Prime Ministers’ Questions is back after a brief hiatus caused by the Queen’s Speech.
Last time they met, the two clashed about Boris Johnson’s flat refurbishment, causing the Prime Minister to absolutely lose the plot and make everyone watching at home to turn down the volume on their televisions.
Having had some time to calm down, this week’s PMQs was a far milder affair, as the two batted Johnson’s controversial coronavirus travel policy back and forth and acknowledged the growth in anti-semitism faced by the country.
But who performed better? Let’s dive in:
“We have one of the strongest border regimes anywhere in the world” Johnson, 0/10
After Starmer questioned Johnson on why he has moved 170 countries to the amber list – making it easier for Brits to holiday around the globe, and pick up whatever illnesses they find there – Johnson delivered a line which caused loud laughs from the House. This line had the exact same energy as the woman who said she would not leave her house due to the virus – while standing on a high street. It’s just utter nonsense. Flights have been coming in and out of the country throughout the pandemic causing a world buffet of coronaviruses to potter about – like the Indian variant, and also the South African variant, and also the Brazilian variant...
“Having moved 170 countries to the amber list, absolute clarity is needed about the circumstances in which people can travel” Starmer, 8/10
It should really go without saying but it was essential for opposition to take the government to task over all its back and forths about the dos and don’ts of foreign travel. Starmer laid out all the mixed messages the government have trotted out over the last couple of days, including some ministers saying it was dangerous to travel and that British people should not go on holiday this year (Lord Bethell), and others claiming it is acceptable with quarantine (Matt Hancock and George Eustice.)
Johnson showed himself to be a conservative through and through by claiming that they did not need to rely on the law to get people to do “the right thing” and that it was clear people would have to self-isolate and take tests if they travel to amber countries.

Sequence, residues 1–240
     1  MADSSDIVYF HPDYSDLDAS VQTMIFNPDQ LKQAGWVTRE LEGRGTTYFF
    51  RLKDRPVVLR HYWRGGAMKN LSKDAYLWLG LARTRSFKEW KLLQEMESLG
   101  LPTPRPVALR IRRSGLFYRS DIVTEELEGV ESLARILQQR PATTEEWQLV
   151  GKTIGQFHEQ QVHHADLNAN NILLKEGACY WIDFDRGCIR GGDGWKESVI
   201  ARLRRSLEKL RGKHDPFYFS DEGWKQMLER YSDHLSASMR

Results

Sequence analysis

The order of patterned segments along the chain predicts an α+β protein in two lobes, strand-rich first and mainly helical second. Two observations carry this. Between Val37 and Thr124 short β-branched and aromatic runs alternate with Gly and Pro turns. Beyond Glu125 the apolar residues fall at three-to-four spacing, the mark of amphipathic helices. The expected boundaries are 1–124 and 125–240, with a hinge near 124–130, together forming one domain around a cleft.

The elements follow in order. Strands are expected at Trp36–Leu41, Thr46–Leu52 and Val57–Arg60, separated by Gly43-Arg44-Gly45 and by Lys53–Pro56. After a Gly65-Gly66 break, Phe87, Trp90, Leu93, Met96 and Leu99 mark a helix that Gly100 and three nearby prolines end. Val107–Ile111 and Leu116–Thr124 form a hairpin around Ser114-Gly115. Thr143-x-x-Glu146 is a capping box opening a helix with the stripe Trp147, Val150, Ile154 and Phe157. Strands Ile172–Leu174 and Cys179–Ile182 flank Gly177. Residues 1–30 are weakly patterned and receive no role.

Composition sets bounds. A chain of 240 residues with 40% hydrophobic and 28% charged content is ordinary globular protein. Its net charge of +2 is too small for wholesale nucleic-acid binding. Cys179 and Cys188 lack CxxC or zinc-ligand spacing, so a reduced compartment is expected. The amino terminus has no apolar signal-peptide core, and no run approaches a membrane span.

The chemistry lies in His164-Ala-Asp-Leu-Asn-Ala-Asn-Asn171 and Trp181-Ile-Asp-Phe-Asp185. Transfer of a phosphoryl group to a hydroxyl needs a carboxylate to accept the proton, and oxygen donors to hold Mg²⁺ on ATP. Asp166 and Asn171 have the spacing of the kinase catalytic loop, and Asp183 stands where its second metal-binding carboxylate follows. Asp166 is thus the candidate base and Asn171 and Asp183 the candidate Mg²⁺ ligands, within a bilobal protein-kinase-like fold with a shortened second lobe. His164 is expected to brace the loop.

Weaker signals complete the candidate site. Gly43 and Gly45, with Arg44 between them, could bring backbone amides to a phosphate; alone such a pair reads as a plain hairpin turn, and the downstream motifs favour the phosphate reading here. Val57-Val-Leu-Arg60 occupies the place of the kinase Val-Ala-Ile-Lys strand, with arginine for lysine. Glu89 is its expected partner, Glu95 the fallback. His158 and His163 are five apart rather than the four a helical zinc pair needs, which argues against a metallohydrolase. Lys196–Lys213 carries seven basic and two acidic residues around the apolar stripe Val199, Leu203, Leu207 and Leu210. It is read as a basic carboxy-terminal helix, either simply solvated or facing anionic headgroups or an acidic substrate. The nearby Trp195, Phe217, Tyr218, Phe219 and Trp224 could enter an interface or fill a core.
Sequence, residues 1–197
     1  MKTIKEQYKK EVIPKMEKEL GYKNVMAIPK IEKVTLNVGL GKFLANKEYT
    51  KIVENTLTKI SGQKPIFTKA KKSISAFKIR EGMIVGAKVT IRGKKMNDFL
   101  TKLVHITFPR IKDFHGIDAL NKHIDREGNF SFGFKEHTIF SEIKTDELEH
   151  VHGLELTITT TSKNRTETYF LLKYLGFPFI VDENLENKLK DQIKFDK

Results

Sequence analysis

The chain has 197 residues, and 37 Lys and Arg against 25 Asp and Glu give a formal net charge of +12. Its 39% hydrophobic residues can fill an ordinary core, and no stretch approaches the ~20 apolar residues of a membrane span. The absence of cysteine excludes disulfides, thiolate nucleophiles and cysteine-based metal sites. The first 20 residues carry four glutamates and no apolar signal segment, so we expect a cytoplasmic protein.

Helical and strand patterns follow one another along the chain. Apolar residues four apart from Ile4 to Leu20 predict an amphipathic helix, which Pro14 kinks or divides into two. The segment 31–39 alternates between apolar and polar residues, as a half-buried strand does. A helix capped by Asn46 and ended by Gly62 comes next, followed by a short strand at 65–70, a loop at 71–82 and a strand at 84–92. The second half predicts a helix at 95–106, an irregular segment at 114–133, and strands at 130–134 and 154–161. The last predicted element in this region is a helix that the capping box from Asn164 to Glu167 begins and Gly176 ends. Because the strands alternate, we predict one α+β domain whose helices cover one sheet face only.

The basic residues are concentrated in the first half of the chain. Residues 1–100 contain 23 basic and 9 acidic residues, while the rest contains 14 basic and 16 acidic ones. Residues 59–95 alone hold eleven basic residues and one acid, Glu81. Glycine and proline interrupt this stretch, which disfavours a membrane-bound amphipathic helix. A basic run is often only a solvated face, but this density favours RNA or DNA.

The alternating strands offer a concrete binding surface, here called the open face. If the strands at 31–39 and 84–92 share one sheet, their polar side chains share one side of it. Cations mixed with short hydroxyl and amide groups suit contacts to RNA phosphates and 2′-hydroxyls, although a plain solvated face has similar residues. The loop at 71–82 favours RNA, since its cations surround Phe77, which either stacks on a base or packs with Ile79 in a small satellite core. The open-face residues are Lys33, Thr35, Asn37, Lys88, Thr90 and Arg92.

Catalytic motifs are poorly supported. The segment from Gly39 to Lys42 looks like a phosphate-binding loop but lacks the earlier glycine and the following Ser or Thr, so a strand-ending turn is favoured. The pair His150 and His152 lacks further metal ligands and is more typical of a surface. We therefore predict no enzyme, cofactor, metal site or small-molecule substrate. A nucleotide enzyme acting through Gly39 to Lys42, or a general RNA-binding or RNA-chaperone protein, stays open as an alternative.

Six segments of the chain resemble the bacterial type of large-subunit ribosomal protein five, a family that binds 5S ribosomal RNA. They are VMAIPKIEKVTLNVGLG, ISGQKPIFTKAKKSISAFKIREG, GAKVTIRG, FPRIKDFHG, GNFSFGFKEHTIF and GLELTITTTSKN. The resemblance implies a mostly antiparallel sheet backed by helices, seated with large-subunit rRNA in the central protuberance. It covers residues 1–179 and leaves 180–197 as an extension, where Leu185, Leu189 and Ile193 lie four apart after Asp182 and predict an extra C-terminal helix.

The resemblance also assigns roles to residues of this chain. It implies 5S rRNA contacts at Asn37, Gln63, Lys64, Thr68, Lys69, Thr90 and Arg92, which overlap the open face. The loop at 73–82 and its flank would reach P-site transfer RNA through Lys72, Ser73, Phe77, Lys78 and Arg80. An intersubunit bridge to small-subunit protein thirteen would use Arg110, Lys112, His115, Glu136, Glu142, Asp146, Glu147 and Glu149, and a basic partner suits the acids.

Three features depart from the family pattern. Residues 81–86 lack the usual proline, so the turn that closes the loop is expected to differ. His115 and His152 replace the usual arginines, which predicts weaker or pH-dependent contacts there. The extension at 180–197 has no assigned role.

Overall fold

However, we have seen the results for ourselves. Research last summer revealed only 11 per cent of people self-isolate when they are in contact with someone who tests positive for the virus. An – and we apologise for using 2020/2021’s most overused world, but – UNPRECEDENTED time requires an unprecedented (there it is again) level of government intervention, not opening the airports and hoping that Brits don’t go to them. Starmer questioned if the government doesn’t want people to go to amber countries, why have they made it easier to do so? We hear you, Keir.
“That’s an ‘I don’t know’” Starmer, 6/10
Sassy Starmer returned after Johnson failed to answer how many people are going to amber list countries and instead rattled off a load of statistics about travel in general. We love to see it.
“We’re an island nation, we have the power to stop this. Why doesn’t the Prime Minister drop this hopeless system?” Starmer, 8/10
We ARE an island nation. Why DOESN’T the Prime Minister drop this hopeless system?!?!? Johnson barely answered the question and it would have been good to at least hear some excuses for risking lockdown 4 which we expect to be as highly anticipated as Shrek 4.
“Wouldn’t it be great hearing the right honourable gentleman backing it up for a change?” Johnson, 5/10
Err... note to Boris, that’s not how opposition works, bestie! x
“I share his horror at the outbreak of anti-Semitic incidents...we will call this out at every chance.” Johnson, 9/10 ”
After Starmer changed the subject to discuss growing anti-semitism in the country that has disgusted the nation this week, we witnessed a rare moment of consensual unity. Enjoy it while you can. It was important and necessary to witness the politicians lay down their swords to condemn hate, but Johnson loses a point for trying to make a pop about a Labour “U-turn” on anti-semitism, nodding to issues with the party under Corbyn’s leadership. Regardless of Corbyn’s multiple failures to root out anti-semitism in the party, no-one can deny that Starmer has succeeded where his predecessor failed and using anti semitic attacks is not an appropriate opportunity for point-scoring.
While sneering comments, jokes and powerful rhetoric provide both headlines and entertainment, it is holding the government to account with forensic questioning that is the job of the opposition – as dull as it may be to watch.
On this metric, we can see why Starmer was such a successful lawyer as he expertly and calmly laid bare the inconsistencies of Johnson’s policies.
But there were also missed opportunities to really lay into the Prime Minister. His nurse quitting over “lack of respect” for the NHS, for one, would have helped drive support for pay rises in the sector.
Here’s what others thought:
Overall, we’d say a mild PMQs warrants a mild verdict: it’s a draw.